Chromebooks: Desktop You can trust to be there

I’ve been a Chromebook believer for over a decade now. One week ago, I mentioned a basic reason to use them: When a Chromebook fails, you can buy a new one and get back to work in a few minutes.

I was on half-vacation in Myrtle Beach, SC – that is, I worked only six hours a day – when my old Chromebook failed. I hoped it didn’t die. I thought maybe he was resting or maybe he was shocked. So, I tried everything: move a USB drive, do a hard reset, beat it and shout, “‘Elo Poly !!!!! Experimental! Experimental! Experimental! Experimental! It’s your nine alarm call!”


It was a dead parrot; I mean Chromebook. It was good to kick the bucket.

Now, if it was running a Windows laptop or even my favorite Dell XPS 13 Ubuntu Linux 20.04 I would get into real trouble. Not only do I need to buy a new replacement, I need to reinstall my applications and recover all my documents.

It’s not fun.

Not only was it a big job, but I was away from my office, where I kept my backups. To avoid damage from ransomware attacks, I keep my main backup on a QNAP TS-453BT3 network-connected storage (NAS) device. In my home office, it is available on a Virtual Local Area Network (VLAN) that is not accessible from the Internet.

Many people who are now working from home do not have a local backup.

If their Windows, Linux desktop or Mac stops working, they too are out of luck. Yes, Mac makes it easy to create local backups with Time Machine. But do you have an external drive or NAS? Unfortunately, most of the time, home workers only have their main machine without any backup drive.

The result? You get hours – even days – to get back to work. It’s bad in a word.

But if you have a Chromebook, that’s another story.

As it happened, I had another Chromebook with me: an Acer Chromebook 515 CB515. It was a review unit – spoiler alert, it’s a good machine – which I haven’t unboxed yet. So, I took it out, plugged it in, connected it to my Condo Wi-Fi, and I was back to work in five minutes.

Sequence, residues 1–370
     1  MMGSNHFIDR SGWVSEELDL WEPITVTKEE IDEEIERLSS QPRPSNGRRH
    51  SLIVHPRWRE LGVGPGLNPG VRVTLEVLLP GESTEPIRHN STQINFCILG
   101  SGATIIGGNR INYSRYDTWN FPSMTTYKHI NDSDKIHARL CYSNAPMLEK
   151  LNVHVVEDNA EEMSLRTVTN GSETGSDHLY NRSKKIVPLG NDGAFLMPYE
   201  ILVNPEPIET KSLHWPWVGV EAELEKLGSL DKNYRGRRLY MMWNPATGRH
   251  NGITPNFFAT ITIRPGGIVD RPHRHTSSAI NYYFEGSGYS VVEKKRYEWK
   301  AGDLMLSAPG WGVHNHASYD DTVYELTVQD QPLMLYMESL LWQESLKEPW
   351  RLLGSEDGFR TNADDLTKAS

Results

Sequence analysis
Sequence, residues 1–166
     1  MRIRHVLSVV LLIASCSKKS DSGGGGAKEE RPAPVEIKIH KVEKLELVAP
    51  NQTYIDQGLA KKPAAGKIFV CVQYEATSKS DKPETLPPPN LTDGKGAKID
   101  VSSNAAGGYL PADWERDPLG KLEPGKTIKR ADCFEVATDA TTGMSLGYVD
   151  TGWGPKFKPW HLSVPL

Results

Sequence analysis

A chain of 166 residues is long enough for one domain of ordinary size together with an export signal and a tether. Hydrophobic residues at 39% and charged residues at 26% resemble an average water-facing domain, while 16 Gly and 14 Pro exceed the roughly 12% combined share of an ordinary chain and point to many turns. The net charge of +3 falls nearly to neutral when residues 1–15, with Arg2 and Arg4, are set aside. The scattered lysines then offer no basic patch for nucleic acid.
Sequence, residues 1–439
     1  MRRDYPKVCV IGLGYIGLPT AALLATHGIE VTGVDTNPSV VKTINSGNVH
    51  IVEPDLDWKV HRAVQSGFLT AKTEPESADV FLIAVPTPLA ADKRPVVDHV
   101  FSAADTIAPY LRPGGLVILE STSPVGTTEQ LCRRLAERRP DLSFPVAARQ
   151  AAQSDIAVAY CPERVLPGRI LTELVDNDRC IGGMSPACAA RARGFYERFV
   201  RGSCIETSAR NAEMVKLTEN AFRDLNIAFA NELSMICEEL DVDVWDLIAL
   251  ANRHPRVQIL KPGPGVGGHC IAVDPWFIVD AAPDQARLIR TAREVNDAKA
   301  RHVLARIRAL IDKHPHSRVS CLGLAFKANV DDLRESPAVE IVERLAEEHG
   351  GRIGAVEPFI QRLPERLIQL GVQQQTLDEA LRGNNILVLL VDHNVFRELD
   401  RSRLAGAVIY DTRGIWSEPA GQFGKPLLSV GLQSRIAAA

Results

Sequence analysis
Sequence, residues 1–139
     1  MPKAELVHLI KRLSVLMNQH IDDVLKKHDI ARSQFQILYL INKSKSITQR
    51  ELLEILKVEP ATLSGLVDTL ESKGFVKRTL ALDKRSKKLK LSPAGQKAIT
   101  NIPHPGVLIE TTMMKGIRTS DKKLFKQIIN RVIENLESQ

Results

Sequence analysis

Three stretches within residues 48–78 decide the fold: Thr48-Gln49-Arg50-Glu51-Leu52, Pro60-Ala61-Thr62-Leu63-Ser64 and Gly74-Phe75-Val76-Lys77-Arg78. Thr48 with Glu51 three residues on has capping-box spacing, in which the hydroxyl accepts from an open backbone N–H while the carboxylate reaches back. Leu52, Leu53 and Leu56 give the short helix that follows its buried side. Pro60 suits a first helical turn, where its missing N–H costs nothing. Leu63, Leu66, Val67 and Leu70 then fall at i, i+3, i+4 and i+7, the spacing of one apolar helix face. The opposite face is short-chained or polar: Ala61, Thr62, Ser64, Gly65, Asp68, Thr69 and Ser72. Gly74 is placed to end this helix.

Besides, I just didn’t come back to work. I literally came back to the same line in my document. I don’t miss a word.

I recommend Chromebooks for small businesses, especially for those who have a lot of remote staff.

If you have a standard Chromebook, you don’t have to worry about backups. Unless you save work locally, which very few people do, everything your people do is automatically saved in their Google Drive.

If you have more than a handful of employees, you can subscribe to a Google Workspace account, and at a cost as low as ব্যবহার 6 per user per month, their work is saved even if their Chromebook goes by truck.

Yes, there are many more desktop-on-service (DaaS) offers. However, most of them are more complex to set up. If something happens on a Windows machine using a Windows 365 Cloud PC, for example, your users still need to install and set up their Windows desktop client on their new PC.

It’s not a big deal, but it will take some time.

With a Chromebook, there is no remote installation or setup You turn it on, connect to the internet, log in to your account and get back to business – no fuss, no hassle.

Now, you can say that with a Chromebook, you can work only when you are connected to the Internet

That hasn’t been true for years.

Google Docs works locally. You can also install Linux on your Chromebook. I always do.

Also, this approach misses a fundamental truth of computing in 2022. There is almost no work for any of us in an operating system that does not require internet.

If you don’t have a net, you’re not going to get much work done, period.

So, for many small businesses, or any business with employees working from home, a Chromebook makes a lot of sense.

Now, if you will forgive me, I am going on a business trip and need to pack my Pixelbook Go.

Copyright © 2022 IDG Communications, Inc.

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